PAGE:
In my first post, I introduced this series by covering the difference between lead and lag performance indicators. To recap from part 1, a lead indicator is something that can help predict an outcome by measuring an action, whereas a lag indicator measures the result or outcome achieved from taking an action. This distinction is important to understand, because otherwise it is easy to use performance measurements inappropriately or get very confused. Lead indicators in particular sometimes feel indecisive because it is hard to have a direct correlation to what you are seeing.
In this post, we are going to examine one of the most commonly cited (and abused) lead indicators to measure for performance. Good old Requests Per Second (RPS). Let’s attempt to make this more clear…
Microsoft defines RPS as:
The number of requests received by a farm or server in one second. This is a common measurement of server and farm load. The number of requests processed by a farm is greater than the number of page loads and end-user interactions. This is because each page contains several components, each of which creates one or more requests when the page is loaded. Some requests are lighter than other requests with regard to transaction costs. In our lab tests and case study documents, we remove 401 requests and responses (authentication handshakes) from the requests that were used to calculate RPS because they have insignificant impact on farm resources.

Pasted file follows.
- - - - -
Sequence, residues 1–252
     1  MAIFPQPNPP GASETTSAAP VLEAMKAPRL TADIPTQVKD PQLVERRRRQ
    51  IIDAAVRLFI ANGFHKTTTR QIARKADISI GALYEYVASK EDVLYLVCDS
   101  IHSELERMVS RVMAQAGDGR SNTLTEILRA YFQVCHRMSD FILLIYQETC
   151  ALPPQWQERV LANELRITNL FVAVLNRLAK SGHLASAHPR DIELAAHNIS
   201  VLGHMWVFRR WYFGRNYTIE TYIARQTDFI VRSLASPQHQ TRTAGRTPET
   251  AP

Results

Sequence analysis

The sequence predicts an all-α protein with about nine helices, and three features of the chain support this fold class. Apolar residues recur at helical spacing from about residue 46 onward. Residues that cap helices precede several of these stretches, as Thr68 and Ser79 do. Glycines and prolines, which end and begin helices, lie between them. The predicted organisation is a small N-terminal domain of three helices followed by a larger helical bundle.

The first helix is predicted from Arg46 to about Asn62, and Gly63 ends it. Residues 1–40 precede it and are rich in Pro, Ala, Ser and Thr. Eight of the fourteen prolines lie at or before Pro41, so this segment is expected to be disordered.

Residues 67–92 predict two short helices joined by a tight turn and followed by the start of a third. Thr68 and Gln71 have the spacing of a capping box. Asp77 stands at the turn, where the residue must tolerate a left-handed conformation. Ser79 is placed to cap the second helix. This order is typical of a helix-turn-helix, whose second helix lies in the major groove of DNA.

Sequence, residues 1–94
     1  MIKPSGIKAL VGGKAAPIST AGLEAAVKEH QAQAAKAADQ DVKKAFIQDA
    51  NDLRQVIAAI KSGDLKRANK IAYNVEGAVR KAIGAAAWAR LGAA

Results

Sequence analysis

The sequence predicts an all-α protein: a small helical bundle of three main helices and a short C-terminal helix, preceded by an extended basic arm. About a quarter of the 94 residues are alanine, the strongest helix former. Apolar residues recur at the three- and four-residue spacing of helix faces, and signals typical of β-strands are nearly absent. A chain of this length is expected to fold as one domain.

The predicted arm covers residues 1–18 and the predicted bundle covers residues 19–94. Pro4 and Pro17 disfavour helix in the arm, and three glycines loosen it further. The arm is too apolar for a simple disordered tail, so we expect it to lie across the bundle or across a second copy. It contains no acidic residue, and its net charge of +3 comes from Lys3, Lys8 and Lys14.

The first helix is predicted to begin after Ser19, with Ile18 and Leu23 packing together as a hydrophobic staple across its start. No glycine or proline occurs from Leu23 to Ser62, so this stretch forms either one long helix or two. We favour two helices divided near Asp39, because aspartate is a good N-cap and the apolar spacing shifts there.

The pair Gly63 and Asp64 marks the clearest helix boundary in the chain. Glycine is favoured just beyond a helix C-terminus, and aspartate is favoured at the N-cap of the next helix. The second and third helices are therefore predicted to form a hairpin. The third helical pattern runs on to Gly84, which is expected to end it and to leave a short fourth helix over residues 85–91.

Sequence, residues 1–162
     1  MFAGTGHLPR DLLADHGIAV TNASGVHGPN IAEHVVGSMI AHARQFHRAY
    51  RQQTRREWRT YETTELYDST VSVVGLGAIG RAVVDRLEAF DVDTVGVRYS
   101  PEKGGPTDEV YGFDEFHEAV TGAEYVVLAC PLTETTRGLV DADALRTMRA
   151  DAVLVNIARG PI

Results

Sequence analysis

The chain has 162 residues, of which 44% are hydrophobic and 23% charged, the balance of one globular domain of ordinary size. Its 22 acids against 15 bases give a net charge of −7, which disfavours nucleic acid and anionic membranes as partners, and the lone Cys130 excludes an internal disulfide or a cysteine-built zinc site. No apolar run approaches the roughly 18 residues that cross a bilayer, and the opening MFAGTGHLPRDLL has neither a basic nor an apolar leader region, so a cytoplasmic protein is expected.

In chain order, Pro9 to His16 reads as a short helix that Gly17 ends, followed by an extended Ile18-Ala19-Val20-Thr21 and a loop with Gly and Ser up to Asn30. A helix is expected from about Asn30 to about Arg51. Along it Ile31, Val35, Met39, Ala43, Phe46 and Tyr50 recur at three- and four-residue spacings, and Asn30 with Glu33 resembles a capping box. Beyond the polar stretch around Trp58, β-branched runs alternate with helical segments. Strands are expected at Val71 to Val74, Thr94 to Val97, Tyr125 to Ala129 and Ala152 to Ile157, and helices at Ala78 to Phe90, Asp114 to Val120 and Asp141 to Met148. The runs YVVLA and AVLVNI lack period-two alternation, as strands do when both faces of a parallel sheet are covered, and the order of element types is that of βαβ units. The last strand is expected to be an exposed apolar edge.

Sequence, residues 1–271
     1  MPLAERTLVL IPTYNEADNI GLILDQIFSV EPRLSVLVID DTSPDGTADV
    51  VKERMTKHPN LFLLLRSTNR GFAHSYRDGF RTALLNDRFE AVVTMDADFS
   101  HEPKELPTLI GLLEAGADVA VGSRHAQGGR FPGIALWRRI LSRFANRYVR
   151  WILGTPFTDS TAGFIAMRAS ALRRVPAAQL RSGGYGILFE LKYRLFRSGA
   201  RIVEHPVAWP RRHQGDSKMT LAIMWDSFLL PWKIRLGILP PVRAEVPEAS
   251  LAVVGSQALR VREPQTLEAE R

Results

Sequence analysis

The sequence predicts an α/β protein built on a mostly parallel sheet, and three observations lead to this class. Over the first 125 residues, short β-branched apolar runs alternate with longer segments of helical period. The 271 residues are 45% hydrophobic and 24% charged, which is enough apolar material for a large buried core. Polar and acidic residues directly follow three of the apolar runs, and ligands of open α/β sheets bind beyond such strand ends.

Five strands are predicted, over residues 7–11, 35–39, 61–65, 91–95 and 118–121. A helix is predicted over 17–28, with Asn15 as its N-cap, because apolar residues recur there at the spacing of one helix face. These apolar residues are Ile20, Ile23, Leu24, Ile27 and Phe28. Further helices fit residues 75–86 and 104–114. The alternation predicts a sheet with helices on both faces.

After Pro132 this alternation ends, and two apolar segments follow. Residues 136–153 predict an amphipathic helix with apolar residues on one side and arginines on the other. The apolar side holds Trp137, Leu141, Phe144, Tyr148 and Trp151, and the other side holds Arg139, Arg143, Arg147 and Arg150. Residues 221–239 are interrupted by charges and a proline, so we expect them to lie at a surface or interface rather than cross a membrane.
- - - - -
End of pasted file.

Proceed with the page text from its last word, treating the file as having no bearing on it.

So according to this definition, RPS is any interaction between browsers (or any other device or service making web requests) and the SharePoint Web server, excluding authentication traffic. The logic of measuring requests per second is that it provides insight into how much load your SharePoint box can take because, after all, SharePoint at the end of the day is servicing requests from users.
RPS by example
Before we start picking apart RPS and its issues, let’s look at an example. Assuming you are viewing this page in Internet Explorer version 8 or onwards, press F12 right now. You should see something like the screen below. If you have not seen it before, it is called the Internet Explorer developer tools and is bloody handy. Now click on the “Network” link, highlighted below and then click the “Start capturing” button.
Now refresh this page and watch the result. You should see a bunch of activity logged, looking something like the picture below:
What you are looking at is all of the requests that your browser has made to load this very page. While the detail is not overly important for the purpose of this post, the key point is that to load this page, many requests were made. In fact if you look in the left-bottom corner of the above screenshot, a total of 130 individual requests are listed.
So, first pop-quiz for the day: Were all 130 requests made to my blog in the example above to refresh this page? The answer, my friends, is no. In actual fact, only 2 items were loaded from this site!
So why the discrepancy? What happened to the other 128 requests? Two main reasons: